Jump to ContentJump to Main Navigation
Scribal Repertoires in Egypt from the New Kingdom to the Early Islamic Period$
Users without a subscription are not able to see the full content.

Jennifer Cromwell and Eitan Grossman

Print publication date: 2017

Print ISBN-13: 9780198768104

Published to Oxford Scholarship Online: February 2018

DOI: 10.1093/oso/9780198768104.001.0001

Show Summary Details
Page of

PRINTED FROM OXFORD SCHOLARSHIP ONLINE (oxford.universitypressscholarship.com). (c) Copyright Oxford University Press, 2020. All Rights Reserved. An individual user may print out a PDF of a single chapter of a monograph in OSO for personal use. date: 23 November 2020

The Scribal Repertoire of Amennakhte Son of Ipuy

The Scribal Repertoire of Amennakhte Son of Ipuy

Describing Variation Across Late Egyptian Registers

(p.89) 5 The Scribal Repertoire of Amennakhte Son of Ipuy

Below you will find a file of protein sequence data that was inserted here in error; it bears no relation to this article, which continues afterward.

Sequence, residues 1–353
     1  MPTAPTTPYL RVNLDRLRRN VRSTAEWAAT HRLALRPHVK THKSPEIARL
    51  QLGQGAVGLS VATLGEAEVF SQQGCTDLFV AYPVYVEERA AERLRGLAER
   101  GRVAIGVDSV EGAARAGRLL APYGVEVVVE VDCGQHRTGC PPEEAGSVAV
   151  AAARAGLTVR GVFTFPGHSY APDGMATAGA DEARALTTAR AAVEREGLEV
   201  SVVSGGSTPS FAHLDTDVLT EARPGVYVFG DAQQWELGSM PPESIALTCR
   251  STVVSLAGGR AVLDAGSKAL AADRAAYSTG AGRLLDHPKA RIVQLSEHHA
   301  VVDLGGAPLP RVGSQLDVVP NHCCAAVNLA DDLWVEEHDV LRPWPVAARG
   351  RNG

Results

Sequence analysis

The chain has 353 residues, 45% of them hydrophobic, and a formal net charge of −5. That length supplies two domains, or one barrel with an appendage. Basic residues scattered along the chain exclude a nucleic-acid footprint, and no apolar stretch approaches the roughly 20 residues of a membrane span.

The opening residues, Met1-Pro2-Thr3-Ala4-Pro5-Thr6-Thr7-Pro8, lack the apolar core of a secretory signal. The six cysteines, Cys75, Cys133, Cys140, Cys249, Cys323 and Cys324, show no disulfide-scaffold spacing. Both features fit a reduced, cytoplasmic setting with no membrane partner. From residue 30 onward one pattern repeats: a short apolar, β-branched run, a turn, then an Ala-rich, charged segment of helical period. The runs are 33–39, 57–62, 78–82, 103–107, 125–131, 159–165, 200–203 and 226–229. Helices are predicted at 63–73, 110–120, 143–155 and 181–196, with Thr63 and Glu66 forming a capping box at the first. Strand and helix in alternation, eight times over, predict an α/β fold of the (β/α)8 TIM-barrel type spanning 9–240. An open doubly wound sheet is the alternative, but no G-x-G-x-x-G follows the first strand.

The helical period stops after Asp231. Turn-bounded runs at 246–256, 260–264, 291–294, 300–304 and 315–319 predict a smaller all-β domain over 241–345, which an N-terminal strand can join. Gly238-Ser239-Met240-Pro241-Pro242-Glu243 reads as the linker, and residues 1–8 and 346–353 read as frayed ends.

Scribal Repertoires in Egypt from the New Kingdom to the Early Islamic Period

Stéphane Polis

Oxford University Press

This chapter investigates linguistic variation in the texts written by the Deir el-Medina scribe Amennakhte son of Ipuy in New Kingdom Egypt (Twentieth Dynasty; c. 1150 BCE). After a discussion of the challenge posed by the identification of scribes and authors in this sociocultural setting, I provide an overview of the corpus of texts that can tentatively be linked to this individual and justify the selection that has been made for the present study. The core of this paper is then devoted to a multidimensional analysis of Amennakhte’s linguistic registers. By combining the results of this section with a description of Amennakhte’s scribal habits—both at the graphemo-morphological and constructional levels—I test the possibility of using ‘idiolectal’ features to identify the scribe (or the author) of other texts stemming from the community of Deir el-Medina and closely related to Amennakhte.

Keywords:   Twentieth Dynasty, linguistic variation, registers, Late Egyptian, author, Deir el-Medina

Oxford Scholarship Online requires a subscription or purchase to access the full text of books within the service. Public users can however freely search the site and view the abstracts and keywords for each book and chapter.

Please, subscribe or login to access full text content.

If you think you should have access to this title, please contact your librarian.

To troubleshoot, please check our FAQs , and if you can't find the answer there, please contact us .